Does the EU directive on late commercial payments matter?

Trade Financing Matters welcomes a guest post from Gustave Roger, from a large European financial institution - See more at: http://spendmatters.com/tfmatters/eu-late-payment-laws-the-3-biggest-impacts-on-the-supply-chain-financier-perspective/#sthash.4ljIhClc.dpuf

Trade Financing Matters welcomes a guest post from Gustave Roger, from a large European financial institution - See more at: http://spendmatters.com/tfmatters/eu-late-payment-laws-the-3-biggest-impacts-on-the-supply-chain-financier-perspective/#sthash.4ljIhClc.dpuf

 

Trade Financing Matters welcomes a guest post from Gustave Roger, from a large European financial institution - See more at: http://spendmatters.com/tfmatters/eu-late-payment-laws-the-3-biggest-impacts-on-the-supply-chain-financier-perspective/#sthash.4ljIhClc.dpuf

Trade Financing Matters collaborated on this post with Gustave Roger, from a large European financial institution

Last week we touched on how the financier is impacted by the EU Late Payment Directive, see EU Late Payment laws impact on Financiers.

EU late Payment laws – The 3 biggest Impacts on the Supply Chain Financier perspective - See more at: http://spendmatters.com/tfmatters/#sthash.TYv6EamW.dpuf

EU late Payment laws – The 3 biggest Impacts on the Supply Chain Financier perspective - See more at: http://spendmatters.com/tfmatters/#sthash.TYv6EamW.dpuf
EU late Payment laws – The 3 biggest Impacts on

EU late Payment laws – The 3 biggest Impacts on

I think it would be good to get an update as to where certain member countries are in implementation. A number of European governments have debated the Late Payment Directive. This is an instrument that requires member states to enact its provisions in national legislation. The directive had a March 2013 deadline that all intra EU transactions must be paid within 60 days. The purpose of the directive was to protect small business from being squeezed by both large private companies and the public sector. I have heard different responses.

For example:

  • France - The Late Payment Directive has been in place in France for some time. While the provisions apply to the public sector, for business-to-business, the payment terms cannot exceed 45 days from the end of the month or 60 days from the date of issue of the invoice.  The law also states that payment terms can be longer than that provided that they are on sales of products/services to modernize the economy and have a strong seasonality.  According to a few contacts, the Directive has been largely adhered to.
  • Italy – 30 days payment terms from invoice receipt are the standard terms accepted. B2B payment can be longer but must not be unfair to the creditor.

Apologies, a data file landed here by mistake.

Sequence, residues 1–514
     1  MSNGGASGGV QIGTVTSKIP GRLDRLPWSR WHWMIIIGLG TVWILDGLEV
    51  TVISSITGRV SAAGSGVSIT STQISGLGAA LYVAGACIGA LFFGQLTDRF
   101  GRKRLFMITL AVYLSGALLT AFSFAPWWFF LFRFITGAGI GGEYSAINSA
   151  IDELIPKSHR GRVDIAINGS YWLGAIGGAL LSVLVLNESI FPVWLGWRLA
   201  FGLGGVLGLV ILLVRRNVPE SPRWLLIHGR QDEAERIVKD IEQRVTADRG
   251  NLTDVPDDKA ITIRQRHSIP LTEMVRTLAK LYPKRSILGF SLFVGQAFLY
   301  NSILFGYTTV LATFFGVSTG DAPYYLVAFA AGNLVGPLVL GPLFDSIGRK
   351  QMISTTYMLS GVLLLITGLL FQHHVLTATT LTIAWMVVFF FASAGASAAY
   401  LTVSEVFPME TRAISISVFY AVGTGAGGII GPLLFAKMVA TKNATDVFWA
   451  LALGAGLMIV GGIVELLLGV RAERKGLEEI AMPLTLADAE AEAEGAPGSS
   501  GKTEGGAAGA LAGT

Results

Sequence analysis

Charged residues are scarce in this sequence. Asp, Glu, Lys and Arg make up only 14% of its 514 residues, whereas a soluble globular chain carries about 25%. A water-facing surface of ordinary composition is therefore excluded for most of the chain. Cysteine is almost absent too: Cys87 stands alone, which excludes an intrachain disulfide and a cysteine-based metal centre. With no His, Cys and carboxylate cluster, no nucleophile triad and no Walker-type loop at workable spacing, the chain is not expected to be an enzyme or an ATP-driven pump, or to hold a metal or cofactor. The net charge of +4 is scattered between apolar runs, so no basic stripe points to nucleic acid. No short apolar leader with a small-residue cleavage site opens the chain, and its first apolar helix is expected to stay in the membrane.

• Spain - Spain introduced the legislation with longer payment terms and is seeking to reduce this over time.
  • Sweden - The Swedish parliament took a decision on compulsory 30 days payment terms and default interest between corporates in Sweden and left it with the Swedish Government for execution.
  • U.K. – the legal acts passed in the UK mandate a maximum 60 days of payment term, however longer term could be authorized based on mutual agreement and if not unfair to the creditor. Beside the UK Government has been very supportive of Supply Chain Finance to ease the working capital pressure on suppliers.
  • Germany – Germany has been reluctant to transpose the directive as they argue, their domestic payment conditions are more favorable that the Directive requirement.  Reports however indicate the government may be inching closer to in-country implementation of the European Union's regulation. (This is understandable, as EU directive not transposed into national law are directly applicable in Country).

What is also critical to understand is that these regulations have a limited reach. It does not legislate on the intra EU Cross border trade. The EU directive mandates the countries to transpose the regulation into their national law. These country legislators do not have the authority to impose penalties to entities outside their borders.

The Directive, by almost all admissions among credit professionals and economists polled, is having a minimal impact on B2B credit and collections.

It was designed to put an EU-wide framework behind the enforcement of tough regulations for prompt payment to creditors. Minimal application of the Directive could be traced, perhaps, to the slow implementation by the standard-bearing economy of Germany.

According to the National Association of Credit Managers, "the directive, by almost all admissions among credit professionals and economists polled, is having a minimal impact on B2B credit and collections. Minimal application of the directive could be traced, perhaps, to the slow implementation by the standard-bearing economy of Germany."

As one company stated, “You look after your important partners, otherwise they might spend the money with our competitors. I'm not taking someone to court for $5,000 if they spend $8 million per year, unless the law says I have to and it is enforceable.”

Does the Directive only have symbolic value?  Or is this just another step towards more governmental control of the economy?  Either way, it is interesting to monitor how the different EU Governments look to implement.

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